News article

UK Delegation discusses work of NATO with university students

This world location news article was published under the 2010 to 2015 Conservative and Liberal Democrat coalition government

Summary: Meeting in Brussels was an opportunity to discuss with young people the work of the UK in NATO and the Alliance as a whole.

Officials from the UK Joint Delegation to NATO met yesterday with university students representing the UK in a week-long NATO youth summit. The meeting provided the students with an invaluable opportunity to learn about the work of the UK Delegation, NATO and the big issues in defence and security policy from Delegation staff members working very closely in these areas.

The students from the College of Europe in Bruges were participating in a “Model NATO Youth Summit”, which brings together young people from across the Alliance and its partner countries to simulate the work which goes on within NATO HQ, mainly within the Alliance’s many committees.

At the meeting, UK Delegation officials briefed the youth participants on a number of different issues and policy areas which are of importance to the work of the UK and NATO currently. These included an overview of the partnerships which NATO has with non-member countries, such as the Mediterranean Dialogue, which deals with relations between NATO members and Algeria, Egypt, Israel, Jordan, Mauritania, Morocco and Tunisia. Other issues discussed included Afghanistan, NATO-Russia relations and the Connected Forces Initiative.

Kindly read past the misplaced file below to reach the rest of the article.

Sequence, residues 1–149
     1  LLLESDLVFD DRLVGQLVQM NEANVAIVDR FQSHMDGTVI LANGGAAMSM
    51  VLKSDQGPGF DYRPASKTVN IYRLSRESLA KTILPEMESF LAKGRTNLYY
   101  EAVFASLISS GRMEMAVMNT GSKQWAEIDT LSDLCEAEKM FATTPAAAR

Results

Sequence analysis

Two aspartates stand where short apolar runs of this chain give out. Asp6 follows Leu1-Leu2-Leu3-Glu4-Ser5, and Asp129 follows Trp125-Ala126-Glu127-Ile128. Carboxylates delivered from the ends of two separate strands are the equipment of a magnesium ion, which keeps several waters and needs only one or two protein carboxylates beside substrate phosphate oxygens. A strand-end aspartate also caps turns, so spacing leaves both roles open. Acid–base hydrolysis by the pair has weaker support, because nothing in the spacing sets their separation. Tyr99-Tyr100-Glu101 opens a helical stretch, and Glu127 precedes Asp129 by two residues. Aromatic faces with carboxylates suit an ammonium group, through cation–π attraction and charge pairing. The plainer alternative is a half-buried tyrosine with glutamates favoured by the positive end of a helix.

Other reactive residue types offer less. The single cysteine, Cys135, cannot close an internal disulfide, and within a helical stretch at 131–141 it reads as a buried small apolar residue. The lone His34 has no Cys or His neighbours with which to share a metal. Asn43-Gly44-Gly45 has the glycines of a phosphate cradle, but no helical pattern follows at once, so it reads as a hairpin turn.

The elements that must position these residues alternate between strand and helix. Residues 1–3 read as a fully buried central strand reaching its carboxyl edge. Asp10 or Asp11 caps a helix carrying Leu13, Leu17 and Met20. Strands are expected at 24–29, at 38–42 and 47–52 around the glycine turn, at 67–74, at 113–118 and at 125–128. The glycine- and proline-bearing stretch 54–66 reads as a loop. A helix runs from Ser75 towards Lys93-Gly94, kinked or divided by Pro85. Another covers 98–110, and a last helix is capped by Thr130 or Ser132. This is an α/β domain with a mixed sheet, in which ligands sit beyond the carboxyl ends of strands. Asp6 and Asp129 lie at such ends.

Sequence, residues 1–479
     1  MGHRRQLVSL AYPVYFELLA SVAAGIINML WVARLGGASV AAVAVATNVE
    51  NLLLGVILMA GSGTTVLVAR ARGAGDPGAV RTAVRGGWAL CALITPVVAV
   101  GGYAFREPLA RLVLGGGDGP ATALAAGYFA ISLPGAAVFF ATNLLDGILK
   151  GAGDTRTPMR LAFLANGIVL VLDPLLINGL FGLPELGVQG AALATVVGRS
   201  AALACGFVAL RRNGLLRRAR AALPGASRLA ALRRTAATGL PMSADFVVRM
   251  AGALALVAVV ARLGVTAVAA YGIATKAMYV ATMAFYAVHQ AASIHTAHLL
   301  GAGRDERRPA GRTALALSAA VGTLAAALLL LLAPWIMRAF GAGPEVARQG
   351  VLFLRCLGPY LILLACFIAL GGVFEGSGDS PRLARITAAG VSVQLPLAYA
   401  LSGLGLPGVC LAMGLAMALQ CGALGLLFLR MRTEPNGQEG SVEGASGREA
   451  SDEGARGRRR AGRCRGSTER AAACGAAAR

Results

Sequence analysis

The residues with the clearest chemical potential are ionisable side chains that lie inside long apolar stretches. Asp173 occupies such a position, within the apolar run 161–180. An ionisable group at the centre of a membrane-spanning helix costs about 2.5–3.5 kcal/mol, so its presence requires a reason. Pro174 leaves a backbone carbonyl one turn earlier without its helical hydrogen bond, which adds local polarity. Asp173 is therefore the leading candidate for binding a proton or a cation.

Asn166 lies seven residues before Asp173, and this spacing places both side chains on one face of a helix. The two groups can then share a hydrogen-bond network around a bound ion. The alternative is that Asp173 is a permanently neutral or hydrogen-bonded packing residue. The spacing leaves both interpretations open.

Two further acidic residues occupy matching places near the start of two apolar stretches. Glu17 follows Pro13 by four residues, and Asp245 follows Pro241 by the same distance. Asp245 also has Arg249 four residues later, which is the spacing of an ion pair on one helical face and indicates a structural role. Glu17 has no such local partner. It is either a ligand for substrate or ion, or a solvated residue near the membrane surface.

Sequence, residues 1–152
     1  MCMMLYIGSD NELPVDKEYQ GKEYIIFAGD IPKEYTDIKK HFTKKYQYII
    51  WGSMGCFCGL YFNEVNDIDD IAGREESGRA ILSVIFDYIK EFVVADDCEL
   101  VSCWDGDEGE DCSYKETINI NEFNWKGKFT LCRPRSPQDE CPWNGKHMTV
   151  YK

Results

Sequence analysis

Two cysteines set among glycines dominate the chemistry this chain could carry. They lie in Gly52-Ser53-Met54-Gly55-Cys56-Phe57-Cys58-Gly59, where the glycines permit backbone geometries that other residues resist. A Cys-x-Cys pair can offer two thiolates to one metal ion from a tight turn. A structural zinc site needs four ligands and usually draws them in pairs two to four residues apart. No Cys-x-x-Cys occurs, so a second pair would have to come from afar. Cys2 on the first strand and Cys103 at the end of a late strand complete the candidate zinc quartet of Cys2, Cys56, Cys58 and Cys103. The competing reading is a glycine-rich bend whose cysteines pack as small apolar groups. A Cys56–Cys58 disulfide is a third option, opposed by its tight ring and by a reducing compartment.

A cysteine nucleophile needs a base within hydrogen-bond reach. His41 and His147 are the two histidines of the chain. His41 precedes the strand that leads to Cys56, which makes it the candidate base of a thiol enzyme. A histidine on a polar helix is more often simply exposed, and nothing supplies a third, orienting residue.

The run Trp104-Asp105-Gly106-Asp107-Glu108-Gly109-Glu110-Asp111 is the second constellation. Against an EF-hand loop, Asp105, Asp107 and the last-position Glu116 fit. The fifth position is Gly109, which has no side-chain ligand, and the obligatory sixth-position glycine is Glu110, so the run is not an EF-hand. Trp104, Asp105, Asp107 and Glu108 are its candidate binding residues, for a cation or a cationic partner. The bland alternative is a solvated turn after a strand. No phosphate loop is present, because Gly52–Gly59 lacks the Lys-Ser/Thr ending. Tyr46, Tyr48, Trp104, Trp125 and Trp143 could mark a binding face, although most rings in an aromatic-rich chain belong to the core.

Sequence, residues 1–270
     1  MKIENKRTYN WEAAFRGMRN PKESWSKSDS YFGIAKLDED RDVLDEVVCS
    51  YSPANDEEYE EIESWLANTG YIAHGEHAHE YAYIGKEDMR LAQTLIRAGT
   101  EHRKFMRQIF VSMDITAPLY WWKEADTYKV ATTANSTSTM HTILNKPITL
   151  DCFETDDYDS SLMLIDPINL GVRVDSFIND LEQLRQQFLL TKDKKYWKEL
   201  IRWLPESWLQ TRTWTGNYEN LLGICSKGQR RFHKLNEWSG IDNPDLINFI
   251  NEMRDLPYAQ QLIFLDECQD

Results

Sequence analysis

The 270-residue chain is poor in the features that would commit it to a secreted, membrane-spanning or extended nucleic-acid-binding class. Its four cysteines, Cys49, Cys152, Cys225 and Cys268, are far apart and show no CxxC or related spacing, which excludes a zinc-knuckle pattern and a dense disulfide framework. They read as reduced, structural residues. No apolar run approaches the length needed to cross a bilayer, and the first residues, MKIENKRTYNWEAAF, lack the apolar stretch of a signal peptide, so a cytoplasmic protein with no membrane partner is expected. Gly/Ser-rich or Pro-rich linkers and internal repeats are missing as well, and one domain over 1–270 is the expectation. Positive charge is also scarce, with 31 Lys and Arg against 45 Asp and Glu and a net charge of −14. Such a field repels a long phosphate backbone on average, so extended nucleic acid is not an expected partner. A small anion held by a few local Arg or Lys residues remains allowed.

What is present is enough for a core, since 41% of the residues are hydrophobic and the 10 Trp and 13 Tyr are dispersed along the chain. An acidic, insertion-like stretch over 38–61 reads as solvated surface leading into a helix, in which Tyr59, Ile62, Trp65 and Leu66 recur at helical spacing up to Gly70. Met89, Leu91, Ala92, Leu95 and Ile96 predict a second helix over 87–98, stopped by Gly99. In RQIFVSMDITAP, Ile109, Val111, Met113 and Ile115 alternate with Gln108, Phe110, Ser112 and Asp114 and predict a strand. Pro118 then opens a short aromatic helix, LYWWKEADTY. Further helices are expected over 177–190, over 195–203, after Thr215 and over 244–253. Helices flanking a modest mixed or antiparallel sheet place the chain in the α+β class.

Speaking after the meeting, the UK Delegation’s Deputy Permanent Representative, Patrick Turner, stressed the importance of engaging with young people on defence and security issues, saying:

Engagement with young people, both from the UK and other nations, is an important part of what we - both the UK Delegation, other Allies and the NATO staff – do here: for the future we need a new generation which is engaged with and knowledgeable about defence and security issues, and about NATO.

Turner, who chaired the meeting with the youth delegates, also commented that:

It was especially enjoyable to spend time with the group representing the UK at the NATO Youth Summit – apart from the UK, the group came from France, Turkey and Belgium. They were well-informed and well-prepared and engaged in a very lively debate as they prepared themselves for roles representing the UK in discussions on a variety of current NATO issues. I am sure they will have done an excellent job – and we will look forward to seeing them back at NATO in the future!

Want to know more about the work of the UK Joint Delegation to NATO? Follow us on twitter @UKNATO